identify the admin in a using apps, so this would be tantamount to giving
everyone admin privileges!  We shouldn't accept any numbers at all.

And, we periodically see issues where an attacker can bypass a
lowercase-only protection mechanism by using uppercase, so we'd best set
the characters to all-upper or all-lower.

So, maybe the best way to be sure we're protecting using apps is to send
them no data at all (which will still trigger crashes in apps that assume
they'll be hearing from someone eventually).

Or, barring that, you pass along some meta-data that explicitly states
what protections have or have not been applied to the data you're sending
- along with an integrity check of your claims.

Of course, some using apps won't check that integrity and will accept
bad data from anywhere, not just you, so they'll be vulnerable again,
despite your best intentions.

The alternate approach is to pick and choose which vulns you'll protect
using apps against.  But then, if you've protected a using app against SQL
injection, but it moves to a non-database model instead, you've just
broken your legitimate functionality.  So, you're stuck with modeling
which using apps are using which technologies and might be subject to
which vulns.  You will also need a complete model of what the using app's
behaviors are, and you'll need to keep different models for each different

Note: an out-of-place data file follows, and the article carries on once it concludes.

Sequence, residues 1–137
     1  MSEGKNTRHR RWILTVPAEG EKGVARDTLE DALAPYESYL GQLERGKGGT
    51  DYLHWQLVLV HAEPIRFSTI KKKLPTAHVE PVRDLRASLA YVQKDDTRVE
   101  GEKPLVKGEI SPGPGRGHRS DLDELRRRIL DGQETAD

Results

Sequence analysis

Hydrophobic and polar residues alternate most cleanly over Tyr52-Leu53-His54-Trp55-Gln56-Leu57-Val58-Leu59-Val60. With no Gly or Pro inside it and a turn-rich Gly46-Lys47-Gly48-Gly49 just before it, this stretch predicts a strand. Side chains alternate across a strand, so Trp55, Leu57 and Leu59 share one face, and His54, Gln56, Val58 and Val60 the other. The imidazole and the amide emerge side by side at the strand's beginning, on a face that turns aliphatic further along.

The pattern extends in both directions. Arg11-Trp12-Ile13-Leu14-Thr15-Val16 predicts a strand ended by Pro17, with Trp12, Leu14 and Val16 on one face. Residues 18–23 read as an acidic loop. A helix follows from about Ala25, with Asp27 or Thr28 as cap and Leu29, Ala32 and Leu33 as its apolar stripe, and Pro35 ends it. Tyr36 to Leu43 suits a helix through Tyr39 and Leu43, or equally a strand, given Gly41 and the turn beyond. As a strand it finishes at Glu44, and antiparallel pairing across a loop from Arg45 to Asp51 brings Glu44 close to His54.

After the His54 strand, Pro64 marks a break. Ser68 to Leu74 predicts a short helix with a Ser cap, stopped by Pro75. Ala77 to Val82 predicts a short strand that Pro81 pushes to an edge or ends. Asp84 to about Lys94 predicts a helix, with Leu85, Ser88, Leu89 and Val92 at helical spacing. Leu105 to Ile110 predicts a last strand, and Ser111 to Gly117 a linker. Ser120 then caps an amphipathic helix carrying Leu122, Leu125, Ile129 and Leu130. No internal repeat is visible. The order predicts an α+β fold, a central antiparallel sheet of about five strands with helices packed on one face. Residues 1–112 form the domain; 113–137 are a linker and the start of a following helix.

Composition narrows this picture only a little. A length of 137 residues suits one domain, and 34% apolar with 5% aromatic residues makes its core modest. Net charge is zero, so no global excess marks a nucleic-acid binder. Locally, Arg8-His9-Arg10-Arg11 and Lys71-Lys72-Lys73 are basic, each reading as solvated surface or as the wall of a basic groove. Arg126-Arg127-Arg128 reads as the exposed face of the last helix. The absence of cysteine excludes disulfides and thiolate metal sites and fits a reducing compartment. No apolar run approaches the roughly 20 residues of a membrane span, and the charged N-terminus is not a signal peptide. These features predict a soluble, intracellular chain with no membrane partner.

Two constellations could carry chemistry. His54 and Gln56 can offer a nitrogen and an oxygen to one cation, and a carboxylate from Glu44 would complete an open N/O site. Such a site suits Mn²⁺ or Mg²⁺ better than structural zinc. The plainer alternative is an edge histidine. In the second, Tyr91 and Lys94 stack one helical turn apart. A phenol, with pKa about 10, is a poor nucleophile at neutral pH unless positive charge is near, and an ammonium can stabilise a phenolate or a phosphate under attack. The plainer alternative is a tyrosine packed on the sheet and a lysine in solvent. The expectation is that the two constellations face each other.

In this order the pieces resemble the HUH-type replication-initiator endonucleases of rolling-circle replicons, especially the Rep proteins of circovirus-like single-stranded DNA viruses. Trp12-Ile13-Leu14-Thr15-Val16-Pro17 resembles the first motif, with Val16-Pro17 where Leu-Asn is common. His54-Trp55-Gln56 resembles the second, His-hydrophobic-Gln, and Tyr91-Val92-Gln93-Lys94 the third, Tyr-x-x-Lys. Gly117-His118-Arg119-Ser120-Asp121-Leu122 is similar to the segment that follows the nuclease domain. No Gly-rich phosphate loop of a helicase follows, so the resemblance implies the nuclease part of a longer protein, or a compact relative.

version and operating environment.  This will become brittle and quickly
unmaintainable, and eventually introduce unrelated security issues as a
result of that brittleness.

To my current way of thinking, the two main areas of responsibility are:

- for the caller to make sure that the request/message is perfectly
structured and delimited, and semantically correct for what the caller is
asking the callee to do.  The current browser URI handler vulnerabilities,
and argument injection in general, are examples of violations of this
responsibility.

- for the caller, given any arbitrary message/request, to prove (or
enforce) that it is well-formed, to make sure that the caller has the
appropriate privileges to make that message/request in the first place,
and to protect itself against SQL injection when interacting with a DB,
against XSS when printing out to a web page, etc.


I recognize that you might not have a choice with stovepipe or legacy
applications, or in proxy/firewall code that resides between two
components.  I feel for anyone wrestling with those problems.  But,
protect using apps against themselves as general advice seems fraught
with peril.

- Steve
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Re: [SC-L] Programming language comparison?

2008-02-05 Thread Steven M. Christey

On Mon, 4 Feb 2008, ljknews wrote:

  (%s to fill up disk or memory, anybody?), so it's marked with
  All and it's not in the C-specific view, even though there's a heavy
  concentration of format strings in C/C++.

 It is marked as All ?

 What is the construct in Ada that has such a risk ?

H, I don't see any, but then again I don't know Ada.  Is there no
equivalent to format strings in Ada?  No library support for it?

Your question actually highlights the point I was trying to make - in CWE,
we don't yet have a way of specifying language families, such as any